I’m not going to be an all-knowing explainer here, but this specific narrative style he chose here fascinated me. The story was pretty much basic events on what’s happening in different locations in Dunkirk, and the common technique to tell that stories would be generic cut scenes from one place to another, from one character-arc to another. Instead, Nolan saw that chance to depict the intermingled events of Evacuation of Dunkirk and showed the audience how the war happened in a real context: people working on different places, from different backgrounds, with different context, aiming towards one similar hope for victory.
They who patiently watched the movie to the end would understand that the story was a block set of inter-related narratives. It can be seen as a whole, one unit of an artistic movie, or as three separated arts:
The History: “We Shall Never Surrender”
“This is an essential moment in the history of the Second World War. If this evacuation had not been a success, Great Britain would have been obliged to capitulate. And the whole world would have been lost, or would have known a different fate: the Germans would undoubtedly have conquered Europe, the US would not have returned to war. It is a true point of rupture in war and in history of the world. A decisive moment. And the success of the evacuation allowed Churchill to impose the idea of a moral victory, which allowed him to galvanize his troops like civilians and to impose a spirit of resistance while the logic of this sequence should have been that of surrender. Militarily it is a defeat; On the human plane, it is a colossal victory,” -Christopher Nolan.
When I studied part of history of WW2 surrounding the Evacuation of Dunkirk, I ended up more interested in Winston Churchill’s speech, called “We Shall Fight on the Beaches”. At that time Churchill was the British Prime Minister, elected just eight months after the outbreak of World War II. The speech was noted as one of three major speeches addressed around the period of the Battle of France, along with “Blood, Toil, Tears, and Sweat”, and “This Was Their Finest Hour”.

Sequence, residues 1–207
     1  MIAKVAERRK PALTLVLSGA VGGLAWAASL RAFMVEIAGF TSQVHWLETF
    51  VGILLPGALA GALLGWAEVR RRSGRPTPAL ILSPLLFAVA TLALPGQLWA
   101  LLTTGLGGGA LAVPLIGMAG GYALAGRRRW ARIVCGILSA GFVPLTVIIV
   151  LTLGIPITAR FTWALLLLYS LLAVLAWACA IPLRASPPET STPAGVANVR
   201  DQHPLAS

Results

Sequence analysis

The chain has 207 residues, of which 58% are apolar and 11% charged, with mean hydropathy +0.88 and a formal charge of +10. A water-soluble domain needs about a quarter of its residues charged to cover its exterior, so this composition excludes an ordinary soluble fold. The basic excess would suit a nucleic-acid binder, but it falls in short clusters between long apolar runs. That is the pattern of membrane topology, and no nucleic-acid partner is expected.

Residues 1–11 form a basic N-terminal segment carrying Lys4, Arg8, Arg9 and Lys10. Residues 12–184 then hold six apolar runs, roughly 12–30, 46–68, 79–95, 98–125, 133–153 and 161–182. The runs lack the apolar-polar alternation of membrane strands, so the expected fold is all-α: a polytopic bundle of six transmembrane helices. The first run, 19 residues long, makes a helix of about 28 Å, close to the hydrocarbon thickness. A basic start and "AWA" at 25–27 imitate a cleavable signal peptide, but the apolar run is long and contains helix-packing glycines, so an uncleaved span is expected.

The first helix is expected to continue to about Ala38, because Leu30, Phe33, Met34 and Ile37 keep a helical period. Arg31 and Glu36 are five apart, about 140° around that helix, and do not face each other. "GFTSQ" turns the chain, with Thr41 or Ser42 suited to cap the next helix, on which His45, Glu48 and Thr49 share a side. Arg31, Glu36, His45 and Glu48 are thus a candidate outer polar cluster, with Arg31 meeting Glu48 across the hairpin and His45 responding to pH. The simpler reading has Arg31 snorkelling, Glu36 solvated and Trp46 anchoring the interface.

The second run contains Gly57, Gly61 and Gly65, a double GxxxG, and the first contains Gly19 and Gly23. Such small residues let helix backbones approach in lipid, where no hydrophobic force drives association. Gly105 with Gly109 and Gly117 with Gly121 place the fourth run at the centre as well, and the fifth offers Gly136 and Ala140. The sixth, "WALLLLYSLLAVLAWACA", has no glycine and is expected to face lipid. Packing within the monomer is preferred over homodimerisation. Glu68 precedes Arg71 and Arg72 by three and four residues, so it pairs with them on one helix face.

What’s remarkable about the speech, along with two others, is that it was powerful enough to lift the morale of the nations, both UK and in France, to defend their country against the Nazis. It was a very difficult time when the victory seemed far, the Nazis had cornered the allies, and there was no help to seek out. But the speech alone, if not others, had successfully carried the dramatical change over the five-week period of the Battle of France, assuring both civilians and soldiers to think and act that led them to the success of Evacuation of Dunkirk -which was also the turning point of Nazis defeat, and finally led the allies to win the World War II.
And Nolan had carefully quoted the speech into his work in Dunkirk, beautifully crafted so that we can enjoy the movie while also reliving the spirit of fight for victory in it:
“We shall go on to the end.
We shall fight on the seas and oceans, we shall fight with growing confidence and growing strength in the air, we shall defend our island, whatever the cost may be. We shall fight on the beaches, we shall fight on the landing grounds, we shall fight in the fields and in the streets, we shall fight in the hills;
We shall never surrender.”